Damned Spot

Damned Spot

Is Kerry a flipper or a leaner?

“Accountability” and “Patriot Act” were produced for the Bush campaign by Maverick Media. To watch the ads on the Bush campaign Web site, click here. For transcripts, click here.

To: William Saletan
From: Jacob Weisberg

The Bush line on Al Gore was that the 2000 Democratic nominee had a habit of fibbing and exaggerating. There wasn’t much substance to this charge, but through repetition, it stuck. This time, the president is trying to undermine John Kerry in a similar way, with a slightly different accusation—that Kerry talks out of both sides of his mouth. I’m afraid there’s a bit more substance to this criticism. The classic expression of the Gore charge was “I invented the Internet” (which Gore never really said). The killer Kerry quote is, “I actually did vote for the $87 billion before I voted against it” (which Kerry really did say).

These new Bush ads try to bolster the Kerry’s-a-weasel thesis in relation to two pieces of legislation, the Patriot Act and the president’s “No Child Left Behind” education reform bill. The first ad, “Patriot Act,” contends that after voting for the antiterrorism law, Kerry changed his positions because of liberal pressure (with surprising restraint, it avoids the term “ACLU”). The second ad, “Accountability,” which is in Spanish, asserts that Kerry voted for Bush’s ed bill but now opposes it because of pressure from the teachers unions. From the GOP perspective, the beauty of these spots, which have no special artistry, is that they zing Kerry both on sensitive issues and on character. If you don’t buy the insinuation that Kerry is not to be trusted, you may accept the line that his positions are too “liberal.” If you don’t object to his positions, you may still find him devious. And if the ads really work their magic, you’ll come away thinking Kerry is dangerously liberal and personally untrustworthy.

How fair are the specific charges? Kerry has indeed been inconsistent on the Patriot Act. Along with every Democratic senator except Russ Feingold, he voted for it in 2001, arguing that it was a tool prosecutors needed to fight terrorism. During the primaries, Kerry said he was unhappy with the bill and wanted to replace it with a new law. You can’t prove that Kerry moved in this direction because of liberal pressure, as the ad claims, but it’s a reasonable surmise. Kerry has specifically criticized only two aspects of the law. One is the library provision that liberal groups have been most vocal in protesting—but that Dahlia Lithwick and Julia Turner, in a dispassionate analysis for Slate, found to be among the less significant and troubling. Democrats seldom hesitate to attribute Bush’s turns and twitches to pressure from the religious right or corporate lobbyists. He’s doing no worse to Kerry.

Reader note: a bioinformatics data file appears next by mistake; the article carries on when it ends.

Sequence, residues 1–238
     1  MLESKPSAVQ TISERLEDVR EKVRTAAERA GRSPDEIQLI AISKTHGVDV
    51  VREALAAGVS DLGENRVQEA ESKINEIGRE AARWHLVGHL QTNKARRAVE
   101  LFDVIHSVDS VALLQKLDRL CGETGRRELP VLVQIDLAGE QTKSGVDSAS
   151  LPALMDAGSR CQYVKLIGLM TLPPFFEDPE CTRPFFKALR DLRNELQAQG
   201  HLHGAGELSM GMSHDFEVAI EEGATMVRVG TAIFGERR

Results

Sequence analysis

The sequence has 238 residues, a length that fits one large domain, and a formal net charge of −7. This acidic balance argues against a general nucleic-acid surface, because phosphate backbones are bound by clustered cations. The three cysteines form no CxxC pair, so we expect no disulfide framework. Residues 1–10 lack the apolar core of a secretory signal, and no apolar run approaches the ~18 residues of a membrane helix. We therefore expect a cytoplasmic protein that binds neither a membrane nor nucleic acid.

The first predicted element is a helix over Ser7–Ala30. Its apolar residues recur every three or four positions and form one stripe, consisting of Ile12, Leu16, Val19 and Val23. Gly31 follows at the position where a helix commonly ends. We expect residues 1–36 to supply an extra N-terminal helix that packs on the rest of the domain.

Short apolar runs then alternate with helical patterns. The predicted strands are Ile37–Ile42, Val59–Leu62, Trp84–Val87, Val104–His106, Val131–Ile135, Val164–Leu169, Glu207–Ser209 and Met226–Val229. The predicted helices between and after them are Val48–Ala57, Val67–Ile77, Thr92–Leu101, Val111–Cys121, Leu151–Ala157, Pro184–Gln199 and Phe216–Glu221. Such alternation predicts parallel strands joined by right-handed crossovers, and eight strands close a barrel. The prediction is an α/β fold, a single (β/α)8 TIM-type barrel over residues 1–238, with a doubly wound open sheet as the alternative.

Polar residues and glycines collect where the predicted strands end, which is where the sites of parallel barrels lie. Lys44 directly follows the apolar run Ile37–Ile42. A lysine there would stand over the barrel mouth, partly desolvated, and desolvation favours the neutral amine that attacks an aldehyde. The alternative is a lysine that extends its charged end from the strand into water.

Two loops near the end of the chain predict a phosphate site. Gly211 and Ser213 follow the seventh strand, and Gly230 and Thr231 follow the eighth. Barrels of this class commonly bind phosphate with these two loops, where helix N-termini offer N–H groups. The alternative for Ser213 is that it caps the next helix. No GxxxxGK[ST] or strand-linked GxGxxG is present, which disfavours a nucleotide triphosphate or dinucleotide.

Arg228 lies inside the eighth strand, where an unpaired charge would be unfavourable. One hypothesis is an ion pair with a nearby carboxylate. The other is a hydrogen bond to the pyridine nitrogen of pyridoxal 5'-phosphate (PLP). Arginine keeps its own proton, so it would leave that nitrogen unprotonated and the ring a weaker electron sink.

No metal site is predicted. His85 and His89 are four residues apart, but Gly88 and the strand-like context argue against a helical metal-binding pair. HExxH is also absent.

On the other hand, the Bushies, in their factual backup for the ad, don’t provide any evidence for the charge that Kerry wants to repeal provisions of the Patriot Act dealing with subpoenas, wiretaps, and surveillance, or that he’d give law-enforcement agents fewer powers to spy on terrorists than on drug dealers and mobsters. Kerry has been deliberately vague about how he’d change the law, suggesting that he mainly wants more judicial oversight and that his concern is the use of antiterrorism laws in ordinary criminal cases.

In responding to the ad, Kerry tries to justify his apparent change of heart in two ways. The first is by saying that he isn’t against the Patriot Act per se, just that he doesn’t like the way John Ashcroft has applied it. That’s as specious as his subsequent defense of his vote on the Iraq War resolution: that he never imagined Bush would actually go to war with Iraq. C’mon. He’s John Ashcroft. Kerry knew what the bill said and whom he was handing the power to. Kerry also never quite says how, exactly, Ashcroft has abused or misinterpreted the law. Kerry’s second defense—that he doesn’t really want to repeal the Patriot Act, merely to fine-tune it—is pretty weak as well. Kerry says he would keep 95 percent of the law’s provisions. You could keep 95 percent of the Constitution and lose the Bill of Rights.

In sum, if Kerry hasn’t done the full back-flip Bush claims on the Patriot Act, he’s wormed and pandered around it enough to justify the shot.

On the education bill, Bush’s distortions are similar, as are Kerry’s vulnerabilities. In “Accountability,” the narrator asserts that after voting in favor of No Child Left Behind, “under pressure from education unions, Kerry has changed his mind.” It’s true that Kerry has tried to have it both ways on the issue, pandering to the education lobby by implying that he’s against NCLB without ever saying he’d get rid of it. His Web site claims he “would fight to change” the law and that he has criticized Bush for signing it without funding it. But Kerry has never come out against No Child Left Behind, so the claim that he has reversed himself amounts to an exaggeration.

Will, I’d say these ads demonstrate the two most significant hallmarks of the presidential campaign thus far: Kerry’s hedging and Bush’s dishonesty.

To: Jacob Weisberg
From: William Saletan

I guess somebody’s got to defend the difference between worming and pandering, of which Kerry is guilty, and back-flipping, of which he isn’t. I’ll try.